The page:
Author: Ann Malmberg
A few years ago PREPARE/ENRICH conducted a survey of over 50,000 married couples. It turned out that 78% of couples reported that they go out of their way to avoid conflict with their partner.
Maybe we could interpret this as a good thing—that the majority of couples are simply extra polite and courteous to their partner, not wanting to upset them.
Unfortunately, this is not the case. Avoiding conflict was listed as one of the top five conflict-related problems for couples. “Why is it a problem?” you might ask. “Isn’t it a good thing to get along with your spouse?” Yes, it is, for the most part. But conflict in relationships is inevitable, and when managed in a healthy way, it’s also a vehicle for relationship growth.
I, like many others I’m sure, have learned the hard way that avoiding conflict does not make issues go away. I used to be the master of not speaking up when I was mad or upset about something. Instead, I would secretly hope that my partner would figure out I was mad and subsequently apologize. Shockingly, he was not (and still is not) a mind reader, and in the meantime my resentment would build upon itself, until inevitably I would blow up over something seemingly small and/or unrelated to the actual issue. At that point, he would realize, “Hmm, she is mad about… something,” and I would then have the pleasant task of trying to explain why I was actually mad—because of that thing that happened weeks ago.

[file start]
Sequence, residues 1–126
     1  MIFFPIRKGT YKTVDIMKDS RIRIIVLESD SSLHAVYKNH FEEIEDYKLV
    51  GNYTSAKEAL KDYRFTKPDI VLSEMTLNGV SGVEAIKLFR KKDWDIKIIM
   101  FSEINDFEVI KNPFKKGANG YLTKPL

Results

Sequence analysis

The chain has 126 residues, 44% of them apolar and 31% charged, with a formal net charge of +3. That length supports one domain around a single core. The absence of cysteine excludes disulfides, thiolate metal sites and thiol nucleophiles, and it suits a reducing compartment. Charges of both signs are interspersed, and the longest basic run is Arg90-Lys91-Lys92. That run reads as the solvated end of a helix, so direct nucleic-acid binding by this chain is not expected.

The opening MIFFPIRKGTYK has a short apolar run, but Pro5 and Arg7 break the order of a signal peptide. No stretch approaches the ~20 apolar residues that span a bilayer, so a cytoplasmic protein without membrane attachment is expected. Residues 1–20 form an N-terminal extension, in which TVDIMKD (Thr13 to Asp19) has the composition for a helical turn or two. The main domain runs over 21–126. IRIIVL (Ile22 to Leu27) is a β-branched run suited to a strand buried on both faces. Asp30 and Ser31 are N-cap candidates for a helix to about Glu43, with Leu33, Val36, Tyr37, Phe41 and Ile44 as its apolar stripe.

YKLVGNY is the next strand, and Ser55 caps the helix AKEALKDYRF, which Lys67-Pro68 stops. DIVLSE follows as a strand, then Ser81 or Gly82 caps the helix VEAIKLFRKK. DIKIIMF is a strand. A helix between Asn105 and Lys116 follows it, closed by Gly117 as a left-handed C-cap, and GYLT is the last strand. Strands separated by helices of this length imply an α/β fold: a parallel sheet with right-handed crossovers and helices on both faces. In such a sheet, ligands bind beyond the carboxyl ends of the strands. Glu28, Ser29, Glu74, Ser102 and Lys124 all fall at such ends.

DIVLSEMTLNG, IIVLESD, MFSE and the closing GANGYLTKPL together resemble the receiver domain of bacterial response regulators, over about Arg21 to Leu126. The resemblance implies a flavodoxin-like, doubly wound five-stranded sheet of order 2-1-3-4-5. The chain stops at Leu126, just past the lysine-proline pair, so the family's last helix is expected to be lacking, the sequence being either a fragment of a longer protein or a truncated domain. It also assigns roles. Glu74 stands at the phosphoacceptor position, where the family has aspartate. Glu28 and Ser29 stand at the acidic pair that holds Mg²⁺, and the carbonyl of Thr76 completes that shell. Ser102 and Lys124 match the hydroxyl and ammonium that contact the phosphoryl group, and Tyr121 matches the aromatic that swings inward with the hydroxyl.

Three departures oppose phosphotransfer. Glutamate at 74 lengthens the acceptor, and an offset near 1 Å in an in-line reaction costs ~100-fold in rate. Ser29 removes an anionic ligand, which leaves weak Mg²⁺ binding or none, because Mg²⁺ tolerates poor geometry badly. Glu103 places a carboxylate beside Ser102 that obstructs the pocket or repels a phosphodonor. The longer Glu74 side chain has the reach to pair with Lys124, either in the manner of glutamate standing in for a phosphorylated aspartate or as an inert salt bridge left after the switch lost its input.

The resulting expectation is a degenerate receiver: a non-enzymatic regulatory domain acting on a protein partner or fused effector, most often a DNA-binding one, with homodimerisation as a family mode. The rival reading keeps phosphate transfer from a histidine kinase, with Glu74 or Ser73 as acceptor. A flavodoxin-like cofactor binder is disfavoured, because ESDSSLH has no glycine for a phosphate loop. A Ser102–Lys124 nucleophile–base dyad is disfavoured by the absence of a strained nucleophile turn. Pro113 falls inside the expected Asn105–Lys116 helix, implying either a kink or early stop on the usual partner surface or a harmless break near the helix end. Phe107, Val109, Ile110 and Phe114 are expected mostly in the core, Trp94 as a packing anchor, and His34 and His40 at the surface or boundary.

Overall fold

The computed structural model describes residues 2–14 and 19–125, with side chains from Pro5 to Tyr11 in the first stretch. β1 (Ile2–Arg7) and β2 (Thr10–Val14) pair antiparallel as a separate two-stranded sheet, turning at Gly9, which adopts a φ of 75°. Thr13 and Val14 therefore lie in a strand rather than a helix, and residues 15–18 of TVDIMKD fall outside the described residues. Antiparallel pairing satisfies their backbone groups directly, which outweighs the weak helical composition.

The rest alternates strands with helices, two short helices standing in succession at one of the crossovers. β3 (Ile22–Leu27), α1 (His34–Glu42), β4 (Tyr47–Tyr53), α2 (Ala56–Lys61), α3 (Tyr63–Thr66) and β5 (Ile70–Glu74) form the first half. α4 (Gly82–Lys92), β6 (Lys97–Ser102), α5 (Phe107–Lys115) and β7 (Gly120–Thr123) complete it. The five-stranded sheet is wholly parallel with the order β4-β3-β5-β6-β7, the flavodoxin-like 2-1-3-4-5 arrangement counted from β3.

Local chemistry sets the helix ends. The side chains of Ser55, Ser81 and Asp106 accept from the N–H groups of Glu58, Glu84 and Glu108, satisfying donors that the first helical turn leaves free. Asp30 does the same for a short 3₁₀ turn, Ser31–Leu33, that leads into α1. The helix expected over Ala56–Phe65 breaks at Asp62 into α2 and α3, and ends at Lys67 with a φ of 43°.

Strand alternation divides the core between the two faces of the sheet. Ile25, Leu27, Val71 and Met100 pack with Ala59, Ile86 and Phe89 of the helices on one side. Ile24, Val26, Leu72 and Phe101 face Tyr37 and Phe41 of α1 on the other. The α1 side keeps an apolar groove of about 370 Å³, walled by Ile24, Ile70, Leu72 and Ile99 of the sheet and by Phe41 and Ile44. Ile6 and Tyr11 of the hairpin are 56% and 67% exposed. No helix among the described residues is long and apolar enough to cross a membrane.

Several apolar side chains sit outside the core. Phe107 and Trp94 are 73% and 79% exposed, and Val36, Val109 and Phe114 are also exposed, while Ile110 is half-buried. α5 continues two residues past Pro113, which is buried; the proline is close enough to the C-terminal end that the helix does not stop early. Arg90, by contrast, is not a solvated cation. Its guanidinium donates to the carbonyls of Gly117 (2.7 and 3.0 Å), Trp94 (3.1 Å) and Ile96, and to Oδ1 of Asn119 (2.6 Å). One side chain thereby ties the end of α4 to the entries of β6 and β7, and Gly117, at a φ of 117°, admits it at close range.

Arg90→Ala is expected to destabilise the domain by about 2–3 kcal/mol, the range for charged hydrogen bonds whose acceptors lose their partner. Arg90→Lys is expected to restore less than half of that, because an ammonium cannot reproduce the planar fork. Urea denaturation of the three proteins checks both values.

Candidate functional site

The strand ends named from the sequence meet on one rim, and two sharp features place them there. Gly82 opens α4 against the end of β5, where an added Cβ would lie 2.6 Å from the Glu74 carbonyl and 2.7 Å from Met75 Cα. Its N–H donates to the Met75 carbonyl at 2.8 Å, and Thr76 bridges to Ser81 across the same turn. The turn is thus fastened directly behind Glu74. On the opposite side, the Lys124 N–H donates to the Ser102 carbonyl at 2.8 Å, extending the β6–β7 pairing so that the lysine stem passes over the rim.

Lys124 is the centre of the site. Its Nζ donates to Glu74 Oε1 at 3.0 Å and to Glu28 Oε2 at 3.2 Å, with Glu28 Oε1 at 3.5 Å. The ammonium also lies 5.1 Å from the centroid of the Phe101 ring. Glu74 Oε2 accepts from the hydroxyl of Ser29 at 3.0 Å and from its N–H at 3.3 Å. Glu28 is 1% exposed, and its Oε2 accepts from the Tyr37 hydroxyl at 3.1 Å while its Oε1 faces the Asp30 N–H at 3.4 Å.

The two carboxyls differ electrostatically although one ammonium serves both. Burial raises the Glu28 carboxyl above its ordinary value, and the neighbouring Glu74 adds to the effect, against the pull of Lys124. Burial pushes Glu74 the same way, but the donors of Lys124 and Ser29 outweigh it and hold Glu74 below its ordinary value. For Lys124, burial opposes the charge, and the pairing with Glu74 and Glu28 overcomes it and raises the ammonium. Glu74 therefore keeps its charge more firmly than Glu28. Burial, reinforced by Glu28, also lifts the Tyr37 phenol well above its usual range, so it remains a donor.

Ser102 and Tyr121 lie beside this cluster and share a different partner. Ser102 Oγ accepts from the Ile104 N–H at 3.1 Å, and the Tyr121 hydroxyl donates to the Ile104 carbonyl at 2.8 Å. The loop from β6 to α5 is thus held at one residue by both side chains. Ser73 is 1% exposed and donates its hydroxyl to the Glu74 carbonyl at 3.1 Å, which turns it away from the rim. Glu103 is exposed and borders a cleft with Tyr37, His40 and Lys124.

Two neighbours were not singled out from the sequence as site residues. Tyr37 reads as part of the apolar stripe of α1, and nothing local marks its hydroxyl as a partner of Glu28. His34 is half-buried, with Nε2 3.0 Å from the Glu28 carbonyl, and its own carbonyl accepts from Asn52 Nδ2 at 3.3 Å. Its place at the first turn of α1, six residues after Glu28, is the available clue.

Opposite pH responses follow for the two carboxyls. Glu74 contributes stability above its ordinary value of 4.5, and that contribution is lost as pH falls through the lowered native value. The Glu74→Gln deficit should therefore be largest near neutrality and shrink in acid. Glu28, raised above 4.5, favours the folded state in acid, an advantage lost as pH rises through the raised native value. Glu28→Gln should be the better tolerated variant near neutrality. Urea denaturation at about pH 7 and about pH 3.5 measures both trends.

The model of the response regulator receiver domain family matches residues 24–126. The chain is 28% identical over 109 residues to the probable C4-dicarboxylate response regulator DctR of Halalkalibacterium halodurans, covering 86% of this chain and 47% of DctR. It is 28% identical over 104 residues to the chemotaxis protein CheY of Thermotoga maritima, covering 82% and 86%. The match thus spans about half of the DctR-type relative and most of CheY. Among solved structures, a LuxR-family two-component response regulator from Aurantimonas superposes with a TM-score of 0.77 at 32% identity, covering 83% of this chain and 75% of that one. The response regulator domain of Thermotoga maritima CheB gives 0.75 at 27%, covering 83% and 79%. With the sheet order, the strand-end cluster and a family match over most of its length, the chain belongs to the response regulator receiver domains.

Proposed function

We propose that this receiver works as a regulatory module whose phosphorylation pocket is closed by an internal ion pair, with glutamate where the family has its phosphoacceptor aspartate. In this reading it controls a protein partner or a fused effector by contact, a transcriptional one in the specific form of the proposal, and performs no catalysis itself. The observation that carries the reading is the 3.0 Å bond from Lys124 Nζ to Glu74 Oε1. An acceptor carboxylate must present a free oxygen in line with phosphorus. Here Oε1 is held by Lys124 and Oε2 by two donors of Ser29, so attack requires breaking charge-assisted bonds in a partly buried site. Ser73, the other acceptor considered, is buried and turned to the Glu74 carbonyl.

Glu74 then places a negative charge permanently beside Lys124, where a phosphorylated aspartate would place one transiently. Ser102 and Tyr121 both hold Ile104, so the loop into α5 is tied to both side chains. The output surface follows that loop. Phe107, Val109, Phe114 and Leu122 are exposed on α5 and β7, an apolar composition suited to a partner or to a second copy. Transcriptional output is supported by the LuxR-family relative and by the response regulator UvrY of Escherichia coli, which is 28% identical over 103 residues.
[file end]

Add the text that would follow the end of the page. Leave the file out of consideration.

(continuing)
With time (and some tears), I learned that even though it can be uncomfortable and sometimes cause temporary conflict with my partner, it is crucial to address feelings and issues head on. I’ve learned to think about it this way: when I ignore an issue in order to avoid conflict, I am taking a step away from my partner, distancing myself from him by adding a brick to the metaphorical wall between us. By talking to my partner about the problem (while remembering to utilize assertive communication and active listening, of course), I learn more about myself, about my partner, and how we can be better for each other, ultimately bringing us closer as a couple.
It would be nice to be able to say, “Lesson learned!” and claim that I no longer struggle with avoiding conflict, but that would be untrue. Working through contentious issues is still hard; it is still uncomfortable. It will probably never be something I look forward to. For me, it’s like working out: I don’t want to do it. But when it’s over, I always feel better. And my body (or in this case, my relationship) is stronger because of it.
Author: Ann Malmberg